Harvard Biz School Adds Massive 62-Foot Fine-Pitch LED Screen To Main Auditorium

The adoption rate for direct view LED seems to to be steadily increasing, at the same time as the variety of potential applications keep broadening.

I’d not really considered giant fine-pitch LED displays as workable options for lecture hall backdrops, but when you’re the Harvard Business School and have many very rich graduates, all things are possible.

This is a 62 foot wide by 20 foot tall curved SiliconCore LED wall at the school’s 1,000-seat Klarman Hall. The pitch is 1.9mm and sits on a custom structure developed by RP Visual Solutions. The curve is there to help with viewing angles in the wide, three-tier hall.

Says a press release:

Global integrators, AVI-SPL, who oversaw the project alongside Idibri (AV design engineer), installed an audio system of ultra-sensitive microphones and more than 100 speakers to create a uniform sound across the auditorium. A complex wireless network includes 80 wireless Ethernet access points, 32 antennas in the auditorium ceiling, and multigigabit Ethernet uplinks throughout the building.

The second story and lower-level concourse feature studios to support podcasts, webinars, online learning and a black box room for videotaping the HBS digital learning platform, HBX.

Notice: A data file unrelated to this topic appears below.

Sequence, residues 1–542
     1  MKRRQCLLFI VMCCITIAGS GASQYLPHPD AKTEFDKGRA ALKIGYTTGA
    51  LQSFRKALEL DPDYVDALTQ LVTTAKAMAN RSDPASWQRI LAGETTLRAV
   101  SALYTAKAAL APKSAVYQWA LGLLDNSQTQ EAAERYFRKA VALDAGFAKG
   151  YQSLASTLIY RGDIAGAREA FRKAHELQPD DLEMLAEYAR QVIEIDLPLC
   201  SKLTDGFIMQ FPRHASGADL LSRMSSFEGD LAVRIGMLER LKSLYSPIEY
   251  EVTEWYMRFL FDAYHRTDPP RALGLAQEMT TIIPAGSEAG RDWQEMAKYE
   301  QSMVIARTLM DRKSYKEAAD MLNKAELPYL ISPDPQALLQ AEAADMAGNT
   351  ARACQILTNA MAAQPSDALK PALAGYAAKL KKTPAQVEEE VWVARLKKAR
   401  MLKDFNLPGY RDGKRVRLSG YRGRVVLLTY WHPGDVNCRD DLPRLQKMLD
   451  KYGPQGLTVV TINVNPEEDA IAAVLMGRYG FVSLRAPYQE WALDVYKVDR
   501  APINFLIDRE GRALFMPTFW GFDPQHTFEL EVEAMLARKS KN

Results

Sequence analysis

The press release adds:

The digital display also had to meet stringent audible noise emission and sustainability requirements set by Harvard Business School. Advanced testing conducted by SiliconCore engineers ensured no audible noise generated by the LED screen would be detected by the ultra-sensitive microphones located close to the screen.

SiliconCore’s proprietary Common Cathode technology, which has a significant effect on the operating temperatures and power consumption of the display was pivotal in meeting this requirement.  Along with the audible noise reduction, this proprietary technology prolongs the display’s lifespan, increases brightness and reduces the power requirements by up to 40%, leading to lower operating costs.

University Lecturers can easily connect devices to the screen via HDMI, while the display can be fed with SDI sources, such as cameras operated from the auditorium’s control room. For ease of displaying multiple windows of mixed media at once, the system includes a Christie Spyder X80 windowing processor. The system can handle the 32-million-pixel resolution of the display, enabling multiple 4K sources to be displayed on the screen simultaneously.  High resolution content is specifically created for landmark shows and presentations. 

The display also features SiliconCore’s Z.A.C.H. technology to enhance HDR capability and achieve unmatched low gray scale performance even at very low brightness levels.  The LED screen brightness can be adjusted via a Crestron controller, making it easy for staff to operate the screen at the optimum brightness.

When you start seeing this sort of investment in lecture halls, control rooms and even cinemas, you realize LED has shifted from niche to mainstream. The older versions of this tech didn’t necessarily have the necessary pitch or color and viewing qualities to suit this kind of environment.

The other change is price. This sort of thing is very expensive, but nowhere near as expensive as it was even 2-3 years ago.

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